Some exhibitions have no need of fanfares, bunting, flashing light displays and interactive gizmos - absolute simplicity is all that's needed. This exquisite offering from the Ashmolean brings together 120 of Raphael's drawings, and very little else. The effect is rather gorgeous, and utterly absorbing.
Adding to the Ashmolean's world-leading collection of Raphael sketches, the exhibition brings together sheets on loan from the Albertina in Vienna, the Uffizi in Florence, and from various international collections including the Queen's. The works are presented chronologically, spanning the artist's early years in Urbino, through the honing of his craft in Florence, to the height of his career in Rome. Each individual piece is captioned in terms of the artistic process, the techniques employed, materials used, composition and intended visual effect, and the sketches increase in complexity as we move through the artist's life. High above the central exhibits a few shafts of light falling against the wall suggest a roughly sketched figure - an angel perhaps. A modest case of drawing materials such as the artist might have used gives context, and a few sections of the display include a small reproduction of one of the large, well-known and colourful masterpieces for which the sketches were studies, but the decision not to make much of these, and to let the drawings speak for themselves, is a deliberate one. The pared-down chronological approach and devotion to the core of the subject reinforce the fact that Raphael died when he was just 37, and the notion that the extraordinary mastery of the later drawings might have become all the greater is quite an arresting one.
The Ashmolean's Director Dr Xa Sturgis describes the exhibition as a once-in-a-lifetime experience, mainly because the delicacy of the drawings means they are not often lent by one museum to another, and are unlikely to be gathered together again for a long time. It's exciting to wander through a display of such significance, but it's the immediacy of the experience that makes it so illuminating. The dim lighting, which can sometimes make an exhibition seem quiet and lifeless, works perfectly here among the fruits of such concentration and industry. Examining from centimetres away the textured paper and the curve of each individual chalk-stroke, it really does seem as if each one could have been scratched just moments earlier - as if the artist has just stepped out for a minute, and as if the exhibition's hush is just an stretched-out momentary pause in an environment of activity. Seeing the sketches in the flesh, as it were, makes a great difference. The museum's lavish exhibition catalogue contains some really beautiful reproductions of items in the collection, but without being able to see the grain of the paper and assess the size of the sheets, you don't get the same sense of context and something, somewhere, is lost.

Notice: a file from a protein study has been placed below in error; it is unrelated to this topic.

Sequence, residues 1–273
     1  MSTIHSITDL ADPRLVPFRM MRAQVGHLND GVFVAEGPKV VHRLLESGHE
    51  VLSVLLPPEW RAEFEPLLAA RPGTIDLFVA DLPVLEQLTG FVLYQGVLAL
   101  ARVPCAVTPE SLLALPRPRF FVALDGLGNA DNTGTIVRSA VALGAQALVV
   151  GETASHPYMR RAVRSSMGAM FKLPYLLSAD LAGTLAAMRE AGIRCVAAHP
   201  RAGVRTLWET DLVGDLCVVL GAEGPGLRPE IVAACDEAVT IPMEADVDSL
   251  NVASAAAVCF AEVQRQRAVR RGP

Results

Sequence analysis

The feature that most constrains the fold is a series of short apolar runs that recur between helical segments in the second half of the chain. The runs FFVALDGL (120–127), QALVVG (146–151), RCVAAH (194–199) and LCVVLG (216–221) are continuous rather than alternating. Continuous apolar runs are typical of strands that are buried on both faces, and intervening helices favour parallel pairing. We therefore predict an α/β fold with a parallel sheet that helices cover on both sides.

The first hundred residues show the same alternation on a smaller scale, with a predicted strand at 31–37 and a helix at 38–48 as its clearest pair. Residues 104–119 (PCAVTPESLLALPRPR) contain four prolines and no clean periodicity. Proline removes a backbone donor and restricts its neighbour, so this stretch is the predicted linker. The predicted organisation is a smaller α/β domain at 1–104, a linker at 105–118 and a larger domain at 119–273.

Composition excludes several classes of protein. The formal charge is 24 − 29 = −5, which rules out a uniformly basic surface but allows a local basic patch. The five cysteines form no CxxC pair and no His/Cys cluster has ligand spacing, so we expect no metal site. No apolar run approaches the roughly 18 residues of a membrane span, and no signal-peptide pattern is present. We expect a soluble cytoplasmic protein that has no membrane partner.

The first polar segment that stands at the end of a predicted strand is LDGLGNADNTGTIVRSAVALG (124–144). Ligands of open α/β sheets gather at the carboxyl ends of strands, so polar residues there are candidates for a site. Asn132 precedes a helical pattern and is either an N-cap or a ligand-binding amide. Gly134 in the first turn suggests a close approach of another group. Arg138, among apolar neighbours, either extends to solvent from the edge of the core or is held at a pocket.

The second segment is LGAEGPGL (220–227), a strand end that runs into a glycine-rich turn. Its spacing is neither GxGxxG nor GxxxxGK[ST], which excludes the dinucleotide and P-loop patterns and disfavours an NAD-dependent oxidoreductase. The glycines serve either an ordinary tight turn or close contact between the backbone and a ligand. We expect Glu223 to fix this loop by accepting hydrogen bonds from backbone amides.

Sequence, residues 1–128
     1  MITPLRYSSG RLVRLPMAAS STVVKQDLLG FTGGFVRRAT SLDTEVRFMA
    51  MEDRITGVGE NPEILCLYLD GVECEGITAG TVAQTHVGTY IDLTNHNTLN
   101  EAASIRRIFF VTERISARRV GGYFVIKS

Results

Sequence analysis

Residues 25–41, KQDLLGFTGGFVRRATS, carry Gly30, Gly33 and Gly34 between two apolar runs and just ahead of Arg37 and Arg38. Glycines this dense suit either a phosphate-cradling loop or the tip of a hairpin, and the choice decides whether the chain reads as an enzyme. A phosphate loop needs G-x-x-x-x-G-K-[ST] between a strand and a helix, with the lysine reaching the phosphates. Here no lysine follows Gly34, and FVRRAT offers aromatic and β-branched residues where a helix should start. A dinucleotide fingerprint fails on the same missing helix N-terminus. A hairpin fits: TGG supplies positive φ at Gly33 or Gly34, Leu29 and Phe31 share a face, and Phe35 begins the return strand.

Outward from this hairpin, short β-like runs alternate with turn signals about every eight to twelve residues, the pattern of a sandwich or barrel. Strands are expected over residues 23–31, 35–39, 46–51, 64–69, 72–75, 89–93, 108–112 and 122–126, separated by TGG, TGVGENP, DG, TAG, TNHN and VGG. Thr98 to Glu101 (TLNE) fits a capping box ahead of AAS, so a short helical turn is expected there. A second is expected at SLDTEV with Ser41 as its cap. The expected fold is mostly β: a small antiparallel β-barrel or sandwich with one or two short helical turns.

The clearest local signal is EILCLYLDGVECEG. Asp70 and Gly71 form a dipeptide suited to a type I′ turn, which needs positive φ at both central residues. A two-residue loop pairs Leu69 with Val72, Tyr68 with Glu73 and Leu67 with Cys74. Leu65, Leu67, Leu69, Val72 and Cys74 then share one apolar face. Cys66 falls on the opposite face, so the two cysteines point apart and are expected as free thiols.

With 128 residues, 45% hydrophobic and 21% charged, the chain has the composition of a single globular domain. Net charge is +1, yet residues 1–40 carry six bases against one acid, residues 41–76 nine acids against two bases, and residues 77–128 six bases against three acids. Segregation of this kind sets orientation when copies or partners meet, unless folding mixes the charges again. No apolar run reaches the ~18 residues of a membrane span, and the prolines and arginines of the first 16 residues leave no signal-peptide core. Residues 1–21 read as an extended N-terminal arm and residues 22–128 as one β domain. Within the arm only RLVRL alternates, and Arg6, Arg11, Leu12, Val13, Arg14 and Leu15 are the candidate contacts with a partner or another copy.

Much is made of the thought processes behind Raphael's art. The drawings allow us an insight into the dynamism of the creative journey, the intricacies of composition, the revisions and re-workings of form and stance, and the artist emerges as a master not only of visual representation, but of human emotion thus suggested: of the translation of violence, of struggle, of childhood, of humour, of religious ecstasy - of the sublime. Traditional religious subjects and classical scenes are interpreted with dynamic figures and naturalistic poses, a daring manipulation of sacred context which is invigorating and compelling.
Like other artists of the High Renaissance, Raphael manipulated the boundaries of realism to enhance the beauty and pathos of his images, without quite slipping into the Mannerist approach later developed by his contemporaries. The exhibition's co-curator, Dr Catherine Whistler, happily introduced the - to my mind potentially revolutionary - concept of Renaissance yoga, the no doubt creatively beneficial practice of attempting to adopt those beautifully drawn poses which look tantalisingly natural but could never quite be achieved in real life.
I enjoyed this glimpse of the other side of the serious process of setting up such an important and deeply rewarding exhibition, so sensitively and intelligently put together - where the lightest of touches unveils extraordinary intricacy and depth. And I enjoy imagining a visitor to the exhibition engaging in a little Renaissance yoga here and there, stretching the body and the mind in unexpected ways, alongside another, nose to frame, lost in a tiny detail of drapery or a lock of hair.